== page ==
Christine Sprigg 1968-2019

An appreciation.

Our friend, Dr Christine Sprigg, died abruptly by cancer in September 2019 at the age of just 51.

At the time, Christine had been working at the Institute of Work Psychology in the University of Sheffield for almost 20 years. She leaves behind two important and invaluable academic legacies, namely, her published research on psychological and physical well-being, and (especially) the inspiration, support, kindness and friendship that she gifted to hundreds of former students and colleagues. We were privileged to contribute in some small ways to the former and feel blessed to have benefited from the latter.

Although we worked with Christine in several guises (e.g., MSc student; PhD supervisor), there was never a point at which either of us felt like ‘a student’ or ‘a supervisor’ because of her warmth and collaborative instinct. For example, although Christine was for several years the Director and figurehead for the prestigious MSc in Occupational Psychology, she could often be found in the computer lab checking up on her fledglings, giving them a firm but reassuring shoulder squeeze, and speaking some motivating words. When the three of us worked together on a project on workplace bullying, we learned a lot about management from Christine.

As a manager, she was extremely supportive and encouraging, and her warmth, fun, and belief in others inspired us and shaped us in the ways we try to supervise others. That said, she was not above quietly culling questionnaire items that did not meet her vision.

At the same time, she sometimes struggled to realise her own worth, no matter how reassuring we thought we were being. She would conduct the same analyses repeatedly and call us in to help even though she didn’t need it because somehow she couldn’t believe that she had ‘tamed’ SPSS. Similarly, her PhD thesis included papers that had been published in the highly prestigious Journal of Applied Psychology and Journal of Occupational Health Psychology alongside other important work, yet still she fretted about the outcome of her viva, which to us was never in doubt.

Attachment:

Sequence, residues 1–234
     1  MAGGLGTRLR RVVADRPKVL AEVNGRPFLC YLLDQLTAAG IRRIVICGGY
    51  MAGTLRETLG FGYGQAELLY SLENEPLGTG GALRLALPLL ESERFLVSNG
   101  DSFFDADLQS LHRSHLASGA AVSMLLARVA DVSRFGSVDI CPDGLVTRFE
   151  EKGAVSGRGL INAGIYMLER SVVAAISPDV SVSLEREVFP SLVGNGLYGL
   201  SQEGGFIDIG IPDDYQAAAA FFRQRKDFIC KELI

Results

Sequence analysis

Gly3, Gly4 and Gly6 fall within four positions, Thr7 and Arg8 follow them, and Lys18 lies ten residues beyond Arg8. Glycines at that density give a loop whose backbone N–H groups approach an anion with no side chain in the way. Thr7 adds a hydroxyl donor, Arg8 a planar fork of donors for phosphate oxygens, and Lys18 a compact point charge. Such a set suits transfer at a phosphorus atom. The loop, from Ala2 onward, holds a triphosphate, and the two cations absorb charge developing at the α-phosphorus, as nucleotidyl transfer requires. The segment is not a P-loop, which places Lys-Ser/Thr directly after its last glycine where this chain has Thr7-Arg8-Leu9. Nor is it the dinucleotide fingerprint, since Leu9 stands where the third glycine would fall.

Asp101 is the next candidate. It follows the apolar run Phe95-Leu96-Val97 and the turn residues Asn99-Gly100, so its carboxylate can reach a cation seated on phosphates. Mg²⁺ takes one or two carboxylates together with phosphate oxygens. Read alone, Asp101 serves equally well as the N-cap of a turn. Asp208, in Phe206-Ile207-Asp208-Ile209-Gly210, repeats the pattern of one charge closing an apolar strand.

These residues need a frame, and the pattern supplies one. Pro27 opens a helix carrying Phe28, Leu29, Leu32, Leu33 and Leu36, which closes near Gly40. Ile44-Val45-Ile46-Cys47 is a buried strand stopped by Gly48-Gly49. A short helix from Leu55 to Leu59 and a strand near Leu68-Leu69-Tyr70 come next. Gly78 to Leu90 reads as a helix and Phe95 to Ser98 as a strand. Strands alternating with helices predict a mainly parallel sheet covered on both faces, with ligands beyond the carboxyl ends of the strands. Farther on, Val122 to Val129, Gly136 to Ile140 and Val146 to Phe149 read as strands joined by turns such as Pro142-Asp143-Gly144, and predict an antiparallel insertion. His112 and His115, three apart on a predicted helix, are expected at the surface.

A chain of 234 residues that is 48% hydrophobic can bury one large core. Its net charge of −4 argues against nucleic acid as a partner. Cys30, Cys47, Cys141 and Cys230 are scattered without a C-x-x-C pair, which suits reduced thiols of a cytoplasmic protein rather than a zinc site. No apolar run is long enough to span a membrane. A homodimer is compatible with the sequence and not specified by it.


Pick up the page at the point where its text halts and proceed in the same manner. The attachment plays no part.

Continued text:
Christine was a vivacious, frequently hilarious, memorable character who lit up a room and made an immediate impression. Her instant manner of connecting with others was if anything enhanced by the advent of social media, where she built a strong following for her @DrSpriggy twitter feed, updating followers with the latest research, international news, weather conditions, and goings on with the badgers in her garden. So devoted was her following, that when she was no longer able to join in the Thursday morning cuppa sessions that she herself had instigated in the Sheffield Management School to support colleagues, the hugely popular #cappuccinowithSpriggy was born, with even people she had never met joining in the virtual support network.

Christine leaves behind her partner Dan and mother Margaret, both of whom her world revolved around, as well as a great many friends, current and former colleagues, and collaborators who will all miss her deeply. Thank you Christine.

Dr Karen Niven & Professor Chris Armitage
University of Manchester

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